Antibiotics & Allergies Specialist Lahaina HI

While we tend to think of allergies and asthma as involving mainly the respiratory system, this research suggests the microbes in the gut play a role, too.

Andrew Don, MD
(808) 572-5999
1830 Wells St Ste 103
Wailuku, HI
Specialties
Otolaryngology, Allergy
Gender
Male
Education
Medical School: Tulane Univ Sch Of Med, New Orleans La 70112
Graduation Year: 1966

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Andrew Don, MD
(808) 572-5999
1830 Wells St Ste 103
Wailuku, HI
Specialties
Otolaryngology, Allergy
Gender
Male
Education
Medical School: Tulane Univ Sch Of Med, New Orleans La 70112
Graduation Year: 1966

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Victoria A Wang
(808) 526-9702
321 N Kuakini St
Honolulu, HI
Specialty
Allergy / Immunology

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Dr.Allan Wang
(808) 329-9264
75-166 Kalani Street, Suite 204
Kailua Kona, HI
Gender
M
Education
Medical School: Univ Of Hi John A Burns Sch Of Med
Year of Graduation: 1987
Speciality
Allergist / Immunologist
General Information
Accepting New Patients: Yes
RateMD Rating
5.0, out of 5 based on 2, reviews.

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Leon Hyman, MD
(808) 329-6355
Kailua Kona, HI
Specialties
Allergy & Immunology, Internal Medicine
Gender
Male
Education
Medical School: Univ Of Mi Med Sch, Ann Arbor Mi 48109
Graduation Year: 1959

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Peter Larm, MD
(808) 737-9937
1441 Pueo St
Honolulu, HI
Specialties
Allergy & Immunology
Gender
Male
Education
Graduation Year: 1951

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Philip Iee-lian Kuo
(808) 261-8345
414 Uluniu St
Kailua, HI
Specialty
Allergy / Immunology

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Jeffrey C Kam
(808) 522-4310
888 S King St
Honolulu, HI
Specialty
Allergy / Immunology

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Conrad Scott Belnap, MD
(808) 433-3095
Tamc, HI
Specialties
Allergy & Immunology
Gender
Male
Education
Medical School: St Louis Univ Sch Of Med, St Louis Mo 63104
Graduation Year: 1987

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Matthew Scott Lau, MD
(808) 486-4886
1010 Pensacola St
Honolulu, HI
Specialties
Allergy & Immunology
Gender
Male
Education
Medical School: Univ Of Hi John A Burns Sch Of Med, Honolulu Hi 96822
Graduation Year: 1986

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Antibiotics: The Road to Allergies and Asthma?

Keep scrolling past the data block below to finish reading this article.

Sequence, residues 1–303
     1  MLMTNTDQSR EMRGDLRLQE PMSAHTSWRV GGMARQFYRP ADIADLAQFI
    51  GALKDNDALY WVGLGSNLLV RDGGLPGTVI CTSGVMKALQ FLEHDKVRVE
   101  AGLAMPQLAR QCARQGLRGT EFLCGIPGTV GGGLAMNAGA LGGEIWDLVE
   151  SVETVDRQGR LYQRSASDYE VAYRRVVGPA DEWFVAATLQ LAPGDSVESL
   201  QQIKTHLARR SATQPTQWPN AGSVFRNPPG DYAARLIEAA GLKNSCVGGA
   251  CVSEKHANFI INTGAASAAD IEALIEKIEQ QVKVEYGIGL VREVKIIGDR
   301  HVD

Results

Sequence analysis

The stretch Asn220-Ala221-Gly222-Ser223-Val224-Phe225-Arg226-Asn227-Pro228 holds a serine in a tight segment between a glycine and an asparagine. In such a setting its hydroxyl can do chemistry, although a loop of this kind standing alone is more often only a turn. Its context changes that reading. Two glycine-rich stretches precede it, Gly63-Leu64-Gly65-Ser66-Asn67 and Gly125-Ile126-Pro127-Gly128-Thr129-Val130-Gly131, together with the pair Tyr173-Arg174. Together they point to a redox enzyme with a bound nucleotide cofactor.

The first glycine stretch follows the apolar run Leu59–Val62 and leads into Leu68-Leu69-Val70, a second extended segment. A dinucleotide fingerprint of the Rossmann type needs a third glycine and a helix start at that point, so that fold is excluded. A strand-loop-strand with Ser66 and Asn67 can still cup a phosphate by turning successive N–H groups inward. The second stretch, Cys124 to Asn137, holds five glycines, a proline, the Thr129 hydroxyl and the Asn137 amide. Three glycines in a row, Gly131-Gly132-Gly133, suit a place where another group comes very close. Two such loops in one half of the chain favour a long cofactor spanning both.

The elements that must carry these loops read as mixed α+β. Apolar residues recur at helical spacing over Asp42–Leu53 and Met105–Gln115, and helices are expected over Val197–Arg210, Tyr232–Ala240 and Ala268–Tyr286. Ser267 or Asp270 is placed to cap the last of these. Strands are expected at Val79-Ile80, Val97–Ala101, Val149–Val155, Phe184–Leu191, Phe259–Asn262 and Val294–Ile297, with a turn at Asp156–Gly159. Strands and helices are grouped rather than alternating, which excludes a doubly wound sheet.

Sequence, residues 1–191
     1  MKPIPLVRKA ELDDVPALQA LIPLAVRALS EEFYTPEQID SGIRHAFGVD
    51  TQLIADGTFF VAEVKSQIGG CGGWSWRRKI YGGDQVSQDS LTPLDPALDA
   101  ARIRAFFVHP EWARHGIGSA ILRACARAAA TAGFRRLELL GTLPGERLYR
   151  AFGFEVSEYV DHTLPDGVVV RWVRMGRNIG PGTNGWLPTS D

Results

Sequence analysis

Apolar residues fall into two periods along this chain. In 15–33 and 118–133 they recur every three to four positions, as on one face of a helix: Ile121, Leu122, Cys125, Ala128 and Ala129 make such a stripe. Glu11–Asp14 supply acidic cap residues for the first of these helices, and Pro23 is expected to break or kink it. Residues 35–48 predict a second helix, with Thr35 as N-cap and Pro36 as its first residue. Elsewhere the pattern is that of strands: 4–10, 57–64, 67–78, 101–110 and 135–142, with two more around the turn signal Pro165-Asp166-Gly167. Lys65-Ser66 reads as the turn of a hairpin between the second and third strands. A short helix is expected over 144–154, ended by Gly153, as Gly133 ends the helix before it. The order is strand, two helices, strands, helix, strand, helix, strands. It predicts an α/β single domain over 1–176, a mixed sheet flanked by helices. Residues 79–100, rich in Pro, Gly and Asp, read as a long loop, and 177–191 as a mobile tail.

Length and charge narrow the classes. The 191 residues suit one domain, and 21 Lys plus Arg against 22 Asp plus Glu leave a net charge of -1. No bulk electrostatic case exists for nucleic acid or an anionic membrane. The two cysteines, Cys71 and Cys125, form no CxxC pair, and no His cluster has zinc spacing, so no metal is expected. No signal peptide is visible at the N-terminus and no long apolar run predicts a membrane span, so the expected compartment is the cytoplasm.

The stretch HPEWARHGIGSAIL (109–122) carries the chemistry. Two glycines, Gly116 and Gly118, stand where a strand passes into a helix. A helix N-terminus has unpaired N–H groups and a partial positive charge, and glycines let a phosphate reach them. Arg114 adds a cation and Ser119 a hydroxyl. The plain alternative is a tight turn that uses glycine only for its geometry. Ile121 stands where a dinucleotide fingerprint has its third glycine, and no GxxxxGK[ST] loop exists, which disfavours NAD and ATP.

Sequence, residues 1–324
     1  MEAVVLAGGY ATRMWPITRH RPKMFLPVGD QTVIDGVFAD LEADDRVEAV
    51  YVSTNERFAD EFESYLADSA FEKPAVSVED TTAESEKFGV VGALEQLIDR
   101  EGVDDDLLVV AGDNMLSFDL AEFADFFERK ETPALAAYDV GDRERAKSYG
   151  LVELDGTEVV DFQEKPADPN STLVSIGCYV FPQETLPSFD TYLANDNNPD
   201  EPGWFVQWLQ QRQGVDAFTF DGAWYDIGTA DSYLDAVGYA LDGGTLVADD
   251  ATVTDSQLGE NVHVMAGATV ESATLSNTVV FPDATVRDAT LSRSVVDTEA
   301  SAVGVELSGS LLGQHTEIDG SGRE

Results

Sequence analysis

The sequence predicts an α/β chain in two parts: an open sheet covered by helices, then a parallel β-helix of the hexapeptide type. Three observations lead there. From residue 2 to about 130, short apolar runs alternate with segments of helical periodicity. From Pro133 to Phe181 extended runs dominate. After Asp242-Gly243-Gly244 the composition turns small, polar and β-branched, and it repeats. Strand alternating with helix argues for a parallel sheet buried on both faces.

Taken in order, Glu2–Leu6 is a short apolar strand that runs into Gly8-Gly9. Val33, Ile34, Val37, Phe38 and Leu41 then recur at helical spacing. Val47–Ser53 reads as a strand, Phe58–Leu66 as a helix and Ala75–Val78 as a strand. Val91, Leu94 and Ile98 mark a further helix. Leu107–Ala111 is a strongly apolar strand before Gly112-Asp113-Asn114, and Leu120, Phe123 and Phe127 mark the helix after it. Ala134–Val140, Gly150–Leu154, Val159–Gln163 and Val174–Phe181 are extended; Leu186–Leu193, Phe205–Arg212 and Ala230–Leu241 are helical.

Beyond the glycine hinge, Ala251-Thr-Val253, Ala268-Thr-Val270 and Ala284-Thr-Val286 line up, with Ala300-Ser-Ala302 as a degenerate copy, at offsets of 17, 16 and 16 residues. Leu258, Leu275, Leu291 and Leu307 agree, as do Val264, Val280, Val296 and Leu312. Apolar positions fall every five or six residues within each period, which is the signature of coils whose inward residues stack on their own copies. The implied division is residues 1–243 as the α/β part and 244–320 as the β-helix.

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The rates of allergies and asthma have skyrocketed in the past 40 years, for reasons that have been frustratingly unclear. Now it turns out that the rise of another phenomenon—the use of antibiotics—may hold a clue. A study from the University of Michigan Medical School has found that antibiotics seem to prime the immune system to overreact to substances it could just as well ignore.

When the Michigan team gave mice a five-day course of antibiotics, the animals showed the same effect seen in humans: an upset in the balance of yeast and other microbes in the gut. The researchers then exposed the mice to several common allergens. The mice given antibiotics were hypersensitive to them, while the other mice had a normal immune response.

While we tend to think of allergies and asthma as involving mainly the respiratory system, this research suggests the microbes in the gut play a role, too.

The results support part of the “hygiene hypothesis,” which holds that modern societies are too sanitary—when you’re not exposed to very many bugs, your immune system has a hard time telling the difference between a harmless substance (like pollen) and a dangerous toxin, so it’s likely to overreact.

And the findings provide yet another reason to encourage the growth of “good” bacteria in our bellies. To do that, Gary Huffnagle, who worked on the study, recommends a diet rich in fiber and active-cultured yogurt and low in refined carbs and sugar. “It’s a good idea to do this even when you’re not taking antibiotics,” he says. And if you do need to take the drugs, he advises taking probiotics afterward. Your nose, as well as your stomach, will thank you.

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